Germany's SPD confirms candidate to replace Merkel as chancellor

Germany’s Social Democrats (SPD), in government with Chancellor Angela Merkel’s Christian Democrats (CDU), overwhelmingly voted for Finance Minister Olaf Scholz to be their chancellor candidate in September’s national election.

The former Hamburg mayor was approved by 96.2 per cent of nearly 600 SPD party delegates taking part in an online conference in Berlin on Sunday.

Scholz entered the parliamentary election campaign with a promise to socially transform the economy and bring environmental progress, setting the goal of climate neutrality by 2045 at the latest.

Scholz’s party has lost ground to Germany’s Greens, which have emerged in polls as the biggest rival to Merkel’s CDU, long the country’s biggest party.

While touting environmental ambitions, Scholz also tried to set himself apart from the Green party’s recently confirmed chancellor candidate, Annalena Baerbock, by pointing to his time in government, as she has been criticized for lacking experience.

“I can contribute my experience, my strength and my ideas,” Scholz said, listing his time as mayor, minister and vice chancellor in the current coalition government.

Scholz also announced several concrete election promises, notably a high level of public investment to strengthen the health system, schools and public transport. “I want to improve the very fundamentals of everyday life,” Scholz said.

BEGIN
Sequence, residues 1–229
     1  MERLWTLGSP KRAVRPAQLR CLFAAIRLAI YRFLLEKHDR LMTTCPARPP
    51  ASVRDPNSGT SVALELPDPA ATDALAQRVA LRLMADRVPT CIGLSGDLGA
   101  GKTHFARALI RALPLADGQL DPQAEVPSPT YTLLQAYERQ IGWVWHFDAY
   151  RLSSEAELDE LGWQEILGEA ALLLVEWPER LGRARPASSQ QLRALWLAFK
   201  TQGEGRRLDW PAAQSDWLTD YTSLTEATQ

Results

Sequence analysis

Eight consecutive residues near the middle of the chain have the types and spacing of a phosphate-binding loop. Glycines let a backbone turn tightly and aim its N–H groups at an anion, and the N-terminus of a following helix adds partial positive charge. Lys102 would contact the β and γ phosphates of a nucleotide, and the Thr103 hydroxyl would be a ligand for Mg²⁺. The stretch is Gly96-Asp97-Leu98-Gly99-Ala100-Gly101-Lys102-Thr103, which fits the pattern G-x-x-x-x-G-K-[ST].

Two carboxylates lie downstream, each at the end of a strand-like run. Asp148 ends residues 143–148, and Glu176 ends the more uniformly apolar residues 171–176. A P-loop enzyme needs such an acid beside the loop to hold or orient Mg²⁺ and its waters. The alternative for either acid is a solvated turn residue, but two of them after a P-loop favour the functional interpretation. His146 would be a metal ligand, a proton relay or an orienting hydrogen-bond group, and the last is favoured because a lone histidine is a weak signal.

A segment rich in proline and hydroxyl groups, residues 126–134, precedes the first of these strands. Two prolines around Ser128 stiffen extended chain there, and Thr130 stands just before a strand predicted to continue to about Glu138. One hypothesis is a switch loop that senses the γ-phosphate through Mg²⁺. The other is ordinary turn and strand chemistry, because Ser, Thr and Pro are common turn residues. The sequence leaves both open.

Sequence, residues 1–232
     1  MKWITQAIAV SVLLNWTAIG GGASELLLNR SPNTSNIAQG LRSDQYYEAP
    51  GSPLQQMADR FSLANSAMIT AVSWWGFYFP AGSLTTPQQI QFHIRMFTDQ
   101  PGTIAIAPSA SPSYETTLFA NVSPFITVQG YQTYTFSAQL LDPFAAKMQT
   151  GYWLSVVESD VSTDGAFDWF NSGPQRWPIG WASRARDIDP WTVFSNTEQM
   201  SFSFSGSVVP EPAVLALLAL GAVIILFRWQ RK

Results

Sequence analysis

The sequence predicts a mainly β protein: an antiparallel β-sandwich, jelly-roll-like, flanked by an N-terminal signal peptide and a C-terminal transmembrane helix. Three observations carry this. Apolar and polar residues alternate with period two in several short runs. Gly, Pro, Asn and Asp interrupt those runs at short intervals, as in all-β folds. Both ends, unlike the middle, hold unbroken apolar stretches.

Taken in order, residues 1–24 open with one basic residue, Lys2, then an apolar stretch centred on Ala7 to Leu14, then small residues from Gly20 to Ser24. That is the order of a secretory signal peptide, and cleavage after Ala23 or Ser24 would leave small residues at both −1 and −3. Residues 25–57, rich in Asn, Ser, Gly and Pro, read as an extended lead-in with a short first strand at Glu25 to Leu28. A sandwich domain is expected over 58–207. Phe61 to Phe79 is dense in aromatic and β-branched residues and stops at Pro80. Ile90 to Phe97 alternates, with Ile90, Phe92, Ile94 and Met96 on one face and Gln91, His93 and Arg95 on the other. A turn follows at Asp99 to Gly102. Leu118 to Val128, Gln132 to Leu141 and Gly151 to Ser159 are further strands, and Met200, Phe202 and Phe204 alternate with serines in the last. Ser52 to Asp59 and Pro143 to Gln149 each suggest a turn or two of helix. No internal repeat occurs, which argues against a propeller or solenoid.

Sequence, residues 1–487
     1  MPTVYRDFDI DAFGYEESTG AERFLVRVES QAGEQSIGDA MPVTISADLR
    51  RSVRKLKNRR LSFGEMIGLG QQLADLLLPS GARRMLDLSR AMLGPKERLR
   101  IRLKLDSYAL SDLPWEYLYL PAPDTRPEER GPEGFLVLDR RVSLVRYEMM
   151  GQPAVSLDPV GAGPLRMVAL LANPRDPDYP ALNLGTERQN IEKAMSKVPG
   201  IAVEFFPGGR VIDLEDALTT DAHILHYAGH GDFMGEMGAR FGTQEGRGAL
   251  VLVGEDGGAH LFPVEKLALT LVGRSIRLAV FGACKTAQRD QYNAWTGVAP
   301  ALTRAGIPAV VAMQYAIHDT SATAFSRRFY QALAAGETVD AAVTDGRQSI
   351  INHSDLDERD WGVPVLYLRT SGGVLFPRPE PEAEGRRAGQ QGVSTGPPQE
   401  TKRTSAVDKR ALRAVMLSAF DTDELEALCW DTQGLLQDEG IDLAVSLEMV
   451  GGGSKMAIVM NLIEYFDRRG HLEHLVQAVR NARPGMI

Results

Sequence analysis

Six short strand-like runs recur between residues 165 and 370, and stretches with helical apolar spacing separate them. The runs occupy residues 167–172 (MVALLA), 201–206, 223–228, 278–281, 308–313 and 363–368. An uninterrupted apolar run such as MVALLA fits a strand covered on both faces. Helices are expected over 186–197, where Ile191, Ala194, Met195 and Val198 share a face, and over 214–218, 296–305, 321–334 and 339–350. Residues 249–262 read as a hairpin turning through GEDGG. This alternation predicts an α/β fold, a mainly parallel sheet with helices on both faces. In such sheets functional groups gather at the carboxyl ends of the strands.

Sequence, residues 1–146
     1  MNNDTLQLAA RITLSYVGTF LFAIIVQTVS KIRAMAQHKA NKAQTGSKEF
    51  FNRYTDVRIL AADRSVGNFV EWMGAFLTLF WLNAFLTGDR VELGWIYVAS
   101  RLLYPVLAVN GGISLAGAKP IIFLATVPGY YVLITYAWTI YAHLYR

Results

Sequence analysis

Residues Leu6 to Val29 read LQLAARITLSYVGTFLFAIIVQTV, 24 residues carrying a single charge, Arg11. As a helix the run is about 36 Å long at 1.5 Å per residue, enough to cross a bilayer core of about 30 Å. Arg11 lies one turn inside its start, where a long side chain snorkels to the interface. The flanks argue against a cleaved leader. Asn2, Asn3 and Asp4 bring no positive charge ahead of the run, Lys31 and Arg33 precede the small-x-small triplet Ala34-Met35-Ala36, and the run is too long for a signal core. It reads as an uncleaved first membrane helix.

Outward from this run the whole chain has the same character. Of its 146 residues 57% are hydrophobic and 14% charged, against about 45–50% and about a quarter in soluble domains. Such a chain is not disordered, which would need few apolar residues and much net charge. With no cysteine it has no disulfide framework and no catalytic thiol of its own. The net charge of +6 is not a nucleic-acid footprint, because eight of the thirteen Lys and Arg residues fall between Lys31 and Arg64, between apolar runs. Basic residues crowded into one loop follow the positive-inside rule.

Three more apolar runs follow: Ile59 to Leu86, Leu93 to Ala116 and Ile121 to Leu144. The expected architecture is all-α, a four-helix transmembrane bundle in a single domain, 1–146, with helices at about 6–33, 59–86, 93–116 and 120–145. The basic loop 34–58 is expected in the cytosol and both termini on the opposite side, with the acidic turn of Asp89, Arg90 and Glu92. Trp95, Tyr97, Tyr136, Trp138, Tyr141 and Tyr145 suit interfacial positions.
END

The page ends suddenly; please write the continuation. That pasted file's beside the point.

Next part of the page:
The SPD also wants to introduce better labour conditions, including a minimum wage of 12 euros (14.60 dollars) and better wages for care workers.

Lars Klingbeil, secretary-general of the SPD, meanwhile described Merkel’s conservatives as beset by brutal power struggles and a new scandal every week, and criticized their choice for chancellor, Armin Laschet, as cowardly and already defeated.

“It is empty in terms of content, and it is good for Germany if these conservatives no longer bear responsibility,” Klingbeil said.

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Scholz stands for four core goals, Klingbeil said: A climate-neutral country by 2045 at the very latest, the most modern transport system in Europe, digital sovereignty and a strong health-care system.

“Today is Day One of our catch-up for the federal elections,” added Klingbeil with an eye on poor polling numbers.

Sunday’s edition of the mass-circulation Bild newspaper reported that the SPD, at 16 per cent, was several percentage points behind the conservative bloc made up of Merkel’s CDU and their Bavarian sister party, the CSU, on 23 per cent, with the Greens out in front on 26 per cent.

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